3. The petition for divorce instituted by the petitioner

before the learned District Judge concerned, stood contested

by the respondent, by hers instituting a reply thereto,

wherein, she controverted all the allegations constituted

against her in the apposite petition. It is alleged that the

petitioner had suppressed the material facts from the court.

The petitioner and his family members had been giving

beatings to the respondent on the ground that she did not

bring the sufficient dowry and her appearance was also not

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good. The petitioner and his family members had cursed the


respondent that she had given birth to a female child and also

gave beating to the respondent had neglected the respondent

and her children, including the newly born child and

threatened that the petitioner would marry one Anju Kumari,

daughter of Sh. Chuni Lal, resident of Chatter, Tehsil Nurpur,

District Kangra, H.P. It is pleaded that in pursuance of this,

the petitioner with the help of his sister and family members,

had eloped with said Anju Kumari and also did not avail two

months’ leave. It is further pleaded that the respondent was

turned out from her matrimonial home.

4. On the pleadings of the parties, the learned trial

Court struck the following issues inter-se the parties at


1. Whether the respondent has treated the petitioner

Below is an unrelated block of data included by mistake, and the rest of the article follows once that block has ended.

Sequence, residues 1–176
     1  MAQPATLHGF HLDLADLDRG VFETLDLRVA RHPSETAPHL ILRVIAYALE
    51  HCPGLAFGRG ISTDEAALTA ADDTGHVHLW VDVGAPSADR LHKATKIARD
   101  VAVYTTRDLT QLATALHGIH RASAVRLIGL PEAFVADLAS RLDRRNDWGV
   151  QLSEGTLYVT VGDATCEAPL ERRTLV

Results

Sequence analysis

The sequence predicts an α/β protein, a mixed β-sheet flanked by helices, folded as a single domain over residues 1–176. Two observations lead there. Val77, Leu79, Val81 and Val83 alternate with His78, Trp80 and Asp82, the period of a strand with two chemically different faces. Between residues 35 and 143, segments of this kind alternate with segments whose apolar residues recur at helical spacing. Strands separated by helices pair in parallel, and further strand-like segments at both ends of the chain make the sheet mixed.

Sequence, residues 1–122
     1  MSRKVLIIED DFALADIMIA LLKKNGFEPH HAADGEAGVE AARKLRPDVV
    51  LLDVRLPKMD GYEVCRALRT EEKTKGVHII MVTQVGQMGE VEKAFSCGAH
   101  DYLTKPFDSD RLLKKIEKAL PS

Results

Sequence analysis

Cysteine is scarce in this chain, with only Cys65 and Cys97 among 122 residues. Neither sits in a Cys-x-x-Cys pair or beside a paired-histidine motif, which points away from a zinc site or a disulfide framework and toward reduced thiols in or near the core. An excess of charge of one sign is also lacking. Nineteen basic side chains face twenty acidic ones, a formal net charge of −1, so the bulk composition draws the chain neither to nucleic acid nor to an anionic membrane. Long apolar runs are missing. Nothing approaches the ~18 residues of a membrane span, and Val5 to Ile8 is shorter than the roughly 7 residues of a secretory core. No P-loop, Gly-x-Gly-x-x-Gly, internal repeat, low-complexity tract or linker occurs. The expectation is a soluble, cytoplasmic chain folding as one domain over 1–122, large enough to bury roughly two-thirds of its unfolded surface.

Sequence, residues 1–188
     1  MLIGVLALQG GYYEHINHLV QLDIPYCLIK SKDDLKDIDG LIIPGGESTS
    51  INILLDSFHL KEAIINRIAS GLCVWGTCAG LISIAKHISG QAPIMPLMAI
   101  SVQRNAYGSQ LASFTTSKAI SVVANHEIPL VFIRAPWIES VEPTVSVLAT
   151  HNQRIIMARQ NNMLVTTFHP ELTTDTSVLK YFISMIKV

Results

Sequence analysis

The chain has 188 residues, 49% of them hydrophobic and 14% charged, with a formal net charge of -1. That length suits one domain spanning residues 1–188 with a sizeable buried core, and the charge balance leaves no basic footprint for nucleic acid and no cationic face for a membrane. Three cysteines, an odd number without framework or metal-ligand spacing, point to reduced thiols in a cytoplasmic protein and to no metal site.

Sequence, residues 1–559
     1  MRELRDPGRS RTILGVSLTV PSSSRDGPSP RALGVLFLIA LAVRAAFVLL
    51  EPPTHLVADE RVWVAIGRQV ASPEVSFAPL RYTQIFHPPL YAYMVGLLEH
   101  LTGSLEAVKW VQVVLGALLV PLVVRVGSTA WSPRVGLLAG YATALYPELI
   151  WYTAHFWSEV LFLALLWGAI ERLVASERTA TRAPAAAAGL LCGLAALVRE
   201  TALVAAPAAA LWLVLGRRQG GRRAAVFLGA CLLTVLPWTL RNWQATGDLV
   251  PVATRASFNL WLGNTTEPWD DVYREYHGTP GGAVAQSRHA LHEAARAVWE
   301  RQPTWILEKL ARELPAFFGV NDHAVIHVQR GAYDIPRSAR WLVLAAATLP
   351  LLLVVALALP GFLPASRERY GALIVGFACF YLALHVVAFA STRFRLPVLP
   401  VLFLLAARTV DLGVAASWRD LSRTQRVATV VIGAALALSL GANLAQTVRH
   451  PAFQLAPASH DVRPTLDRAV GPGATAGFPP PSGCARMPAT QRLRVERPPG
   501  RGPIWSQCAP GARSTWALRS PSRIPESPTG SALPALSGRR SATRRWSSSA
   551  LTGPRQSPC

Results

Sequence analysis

with cruelty, as alleged?OPP.

2. Whether the petition is not maintainable, as

3. Whether the petitioner is estopped by his act and
conduct from filing the present petition?OPR

4. Relief.

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5. On an appraisal of evidence adduced before the


learned District Judge, the latter dismissed the apposite


6. The petitioner for proving the apposite issue,

onus, of, proof whereof, was cast upon him, stepped into the

witness box as PW-1, and, in his examination-in-chief, he,

rendered a testification, in concurrence with the averments,

borne in the petition. His testification is lent corroboration by

PW-2. The testifications of the aforesaid are not sufficient, for

constraining this Court, to record affirmative findings, upon

the apposite issue(s). The reasons for forming the aforesaid

conclusion, ensues from (a) of PW-2 admittedly residing in a

locality contradistinct vis-a-vis the matrimonial home of the

respondent herein; (b) his acquiescing qua his never visiting

the matrimonial home of the respondent; (c) thereupon, it

being inevitable to infer of his being unaware of the

happenings inside the matrimonial home, of, the respondent,

(d) concomitantly his being disabled to firmly disclose